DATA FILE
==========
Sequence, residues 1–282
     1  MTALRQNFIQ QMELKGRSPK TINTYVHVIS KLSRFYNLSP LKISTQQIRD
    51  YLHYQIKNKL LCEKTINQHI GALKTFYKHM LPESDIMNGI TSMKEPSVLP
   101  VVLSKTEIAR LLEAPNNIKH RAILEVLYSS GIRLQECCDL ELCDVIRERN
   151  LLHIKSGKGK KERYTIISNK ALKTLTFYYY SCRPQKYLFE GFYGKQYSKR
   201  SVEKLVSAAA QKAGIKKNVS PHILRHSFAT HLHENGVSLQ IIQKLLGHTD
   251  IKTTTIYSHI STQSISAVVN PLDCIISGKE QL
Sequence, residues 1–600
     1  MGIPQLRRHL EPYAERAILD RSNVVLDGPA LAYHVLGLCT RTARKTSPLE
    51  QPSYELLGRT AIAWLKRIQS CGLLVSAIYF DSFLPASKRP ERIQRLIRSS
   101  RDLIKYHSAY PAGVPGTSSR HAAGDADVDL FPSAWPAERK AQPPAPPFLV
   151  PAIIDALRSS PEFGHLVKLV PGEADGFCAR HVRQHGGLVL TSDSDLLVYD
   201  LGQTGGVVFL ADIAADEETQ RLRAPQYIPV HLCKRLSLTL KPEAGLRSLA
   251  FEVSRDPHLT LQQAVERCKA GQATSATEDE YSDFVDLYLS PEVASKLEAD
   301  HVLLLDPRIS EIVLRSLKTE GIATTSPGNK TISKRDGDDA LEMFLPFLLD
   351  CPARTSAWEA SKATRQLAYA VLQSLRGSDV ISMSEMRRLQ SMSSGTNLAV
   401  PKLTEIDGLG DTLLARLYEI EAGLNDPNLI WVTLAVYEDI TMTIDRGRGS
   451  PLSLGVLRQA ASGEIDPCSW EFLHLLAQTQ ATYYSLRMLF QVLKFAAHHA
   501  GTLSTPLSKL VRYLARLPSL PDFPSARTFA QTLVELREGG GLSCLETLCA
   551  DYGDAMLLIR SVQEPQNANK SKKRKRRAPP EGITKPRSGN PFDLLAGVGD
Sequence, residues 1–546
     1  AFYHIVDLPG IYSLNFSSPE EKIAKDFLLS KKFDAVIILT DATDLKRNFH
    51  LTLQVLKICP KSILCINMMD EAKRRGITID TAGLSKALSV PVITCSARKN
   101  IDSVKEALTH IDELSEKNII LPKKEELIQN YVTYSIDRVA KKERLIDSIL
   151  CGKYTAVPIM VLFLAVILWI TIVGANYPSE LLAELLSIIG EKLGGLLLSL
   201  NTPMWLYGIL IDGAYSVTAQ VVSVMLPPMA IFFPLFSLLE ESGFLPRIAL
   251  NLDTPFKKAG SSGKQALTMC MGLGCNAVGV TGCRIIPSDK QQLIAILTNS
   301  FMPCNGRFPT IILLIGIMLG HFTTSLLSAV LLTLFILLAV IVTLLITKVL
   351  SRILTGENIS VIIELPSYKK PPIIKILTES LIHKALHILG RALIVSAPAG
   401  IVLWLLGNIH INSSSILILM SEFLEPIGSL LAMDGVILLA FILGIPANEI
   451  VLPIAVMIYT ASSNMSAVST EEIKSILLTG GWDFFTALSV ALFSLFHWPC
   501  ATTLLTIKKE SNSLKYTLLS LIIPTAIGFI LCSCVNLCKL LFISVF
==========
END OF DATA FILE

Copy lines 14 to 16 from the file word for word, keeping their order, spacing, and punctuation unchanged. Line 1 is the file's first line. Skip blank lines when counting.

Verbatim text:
   251  FEVSRDPHLT LQQAVERCKA GQATSATEDE YSDFVDLYLS PEVASKLEAD
   301  HVLLLDPRIS EIVLRSLKTE GIATTSPGNK TISKRDGDDA LEMFLPFLLD
   351  CPARTSAWEA SKATRQLAYA VLQSLRGSDV ISMSEMRRLQ SMSSGTNLAV